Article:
The religious word needs to be spoken in the public place: the religious symbol needs to be shown in the public arena. It is our belief that our faith must extend into all of life, including public life. To prohibit religious expression in public life would be to inhibit the free exercise of religion. Beyond this, religion is an important element of our life as a society. To require our society to be devoid of all public symbols and expressions of religion would impoverish our society. We see the military chaplaincy, however as a violation of the institutional separation of church and state that we seek, and an intrusion by the state into religious practice. It is essential in such public expression that what is said and displayed is freely chosen neither forbidden nor established by the government. Thus, we affirm some of the practices of our nation in which there are prayers in civic ceremonies, chaplains serving the Congress, visible religious symbols in the marketplace. We believe it essential to avoid government sponsorship of a particular religious body and to assure sensitivity to those who are religious minorities.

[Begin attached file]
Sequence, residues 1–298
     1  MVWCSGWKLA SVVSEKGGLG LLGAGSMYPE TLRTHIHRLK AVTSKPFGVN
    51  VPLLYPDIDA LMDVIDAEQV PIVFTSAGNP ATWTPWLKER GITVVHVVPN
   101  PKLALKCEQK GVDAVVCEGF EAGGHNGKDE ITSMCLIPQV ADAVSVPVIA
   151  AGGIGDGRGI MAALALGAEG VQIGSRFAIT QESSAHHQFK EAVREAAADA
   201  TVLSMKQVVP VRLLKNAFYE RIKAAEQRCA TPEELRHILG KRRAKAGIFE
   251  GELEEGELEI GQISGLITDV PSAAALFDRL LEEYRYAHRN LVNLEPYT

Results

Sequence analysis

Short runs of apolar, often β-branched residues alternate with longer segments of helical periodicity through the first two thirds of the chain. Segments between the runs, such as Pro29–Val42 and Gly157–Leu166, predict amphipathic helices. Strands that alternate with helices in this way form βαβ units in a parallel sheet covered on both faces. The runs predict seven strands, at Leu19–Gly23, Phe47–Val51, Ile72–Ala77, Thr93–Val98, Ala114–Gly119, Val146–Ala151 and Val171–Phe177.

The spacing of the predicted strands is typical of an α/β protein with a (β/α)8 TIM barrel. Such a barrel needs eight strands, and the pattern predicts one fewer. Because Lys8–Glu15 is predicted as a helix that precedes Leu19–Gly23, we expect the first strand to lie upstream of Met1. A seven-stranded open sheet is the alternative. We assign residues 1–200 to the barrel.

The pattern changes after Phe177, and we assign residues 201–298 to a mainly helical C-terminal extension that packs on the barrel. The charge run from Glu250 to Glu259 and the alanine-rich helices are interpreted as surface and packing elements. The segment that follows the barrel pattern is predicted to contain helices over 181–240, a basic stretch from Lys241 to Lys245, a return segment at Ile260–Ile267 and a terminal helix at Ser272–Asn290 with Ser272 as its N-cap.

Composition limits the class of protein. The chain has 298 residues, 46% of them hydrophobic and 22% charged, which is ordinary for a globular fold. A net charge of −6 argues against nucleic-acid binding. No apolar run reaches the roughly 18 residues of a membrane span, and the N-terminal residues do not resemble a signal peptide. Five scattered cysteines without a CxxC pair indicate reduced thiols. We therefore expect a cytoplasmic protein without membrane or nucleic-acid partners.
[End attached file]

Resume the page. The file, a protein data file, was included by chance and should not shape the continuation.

As from the time of our beginning, we oppose government prescribed religious practice, such as prayer or so-called moments of silence in the public school, or the making of oaths with reference to Deity. On the other hand, we believe the curriculum of public schools should reflect the religious element of national life, that religion can be taught and religious songs can be sung not as liturgy or catechism, but as learning and expression